The name Ricard may ring a few bells if you like to try the more unusual spirits at the back of the bar. Pastis is an aniseed flavoured aperitif which Ricard, the son of a wine merchant, reinvented after he was offered some by an old shepherd. Although it was originally prohibited during WWI for fears it would undermine the war effort, the ban was eventually lifted and Ricard set up his own company, selling more than 2.4 million litres of his “authentic pastis of Marseilles”, a secret recipe containing star anise, fennel seeds, liquorice and local Provençal herbs. [When drinking pastis – 2 cl should be served with 10cl of chilled water and finally ice cubes should be added for this will release the full aroma of the anise.]
Despite another ban during WWII, business was good and everyone was benefitting as the workers were given profit shares in the company each year as a bonus. In 1968, Paul Ricard decided to retire and handed the company over to his son, Patrick. It was later merged with Pernod (a former rival).
As part of an advertising promotion, Ricard started to sponser sporting events, such as the Tour de France in 1948, and in 1970 he built a racing circuit in the hilltop village of Le Castellet which hosted the French Grand Prix between 1971 and 1990. I came across it completely by accident as I drove from the Luberon Valley to the coast at Toulon. At first, I wondered why there was a huge concrete hotel built seemingly in the middle of nowhere and with the unusual name of ‘Grand Prix’, but then I saw the flags, and the grand entrance gates, and the private airfield.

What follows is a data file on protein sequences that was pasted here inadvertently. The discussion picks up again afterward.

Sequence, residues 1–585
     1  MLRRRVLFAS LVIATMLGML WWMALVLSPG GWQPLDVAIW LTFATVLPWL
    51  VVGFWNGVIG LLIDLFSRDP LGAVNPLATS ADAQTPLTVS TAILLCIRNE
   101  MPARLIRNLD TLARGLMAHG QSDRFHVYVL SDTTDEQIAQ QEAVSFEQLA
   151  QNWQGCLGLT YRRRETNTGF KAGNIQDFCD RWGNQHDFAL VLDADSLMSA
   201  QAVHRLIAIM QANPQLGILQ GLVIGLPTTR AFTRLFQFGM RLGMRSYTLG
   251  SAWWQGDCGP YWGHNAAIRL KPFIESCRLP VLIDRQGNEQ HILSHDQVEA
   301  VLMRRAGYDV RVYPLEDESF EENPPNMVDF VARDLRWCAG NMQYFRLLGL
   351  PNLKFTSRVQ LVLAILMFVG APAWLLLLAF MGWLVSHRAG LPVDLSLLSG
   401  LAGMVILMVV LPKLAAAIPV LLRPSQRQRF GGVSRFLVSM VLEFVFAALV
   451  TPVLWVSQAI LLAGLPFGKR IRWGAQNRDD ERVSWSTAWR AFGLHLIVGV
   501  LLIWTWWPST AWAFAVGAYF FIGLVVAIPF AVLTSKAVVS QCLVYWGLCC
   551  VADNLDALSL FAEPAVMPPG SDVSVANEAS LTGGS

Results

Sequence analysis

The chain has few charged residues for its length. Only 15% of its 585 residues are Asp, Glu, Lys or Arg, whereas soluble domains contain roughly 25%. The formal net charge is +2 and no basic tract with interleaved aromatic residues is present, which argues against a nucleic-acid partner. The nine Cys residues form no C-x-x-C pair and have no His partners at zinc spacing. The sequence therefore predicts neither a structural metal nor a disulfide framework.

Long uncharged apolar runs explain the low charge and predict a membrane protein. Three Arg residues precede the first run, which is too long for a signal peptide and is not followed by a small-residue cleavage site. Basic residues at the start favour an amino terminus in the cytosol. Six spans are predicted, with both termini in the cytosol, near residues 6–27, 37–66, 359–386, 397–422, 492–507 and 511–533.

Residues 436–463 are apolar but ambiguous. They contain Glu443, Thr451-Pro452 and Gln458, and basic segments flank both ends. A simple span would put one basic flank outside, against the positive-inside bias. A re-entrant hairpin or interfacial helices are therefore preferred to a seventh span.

Ricard was also involved in films, producing the first French colour movie of ‘La Maison du Printemps’ in 1950. About the same time he started to buy islands off the South of France. First the uninhabited island of Bendor, and then Embiez island. On Bendor he established the Universal Exposition of Wines and Spirits (a kind of living encyclopaedia of wine and spirits) and the Museum of Ricard Advertising Objects. Tourism enterprises have also popped up around the shores, such as a diving and windsurfing school, a yacht club and hotels. While on Embiez he founded the Observatoire de la Mer (now the Paul Ricard Oceanographic Institute) which carries out research on the effects of industrial pollution and raises public awareness of marine issues. There is also an aquarium with over 100 different species of fish.
Although retired, Ricard was busy with his islands, painting the local landscapes and acting as mayor of Signes (1980-1988), a small town near the racing circuit. Sadly he died there in 1997, aged 88 and was buried on Embiez, his grave facing the sea.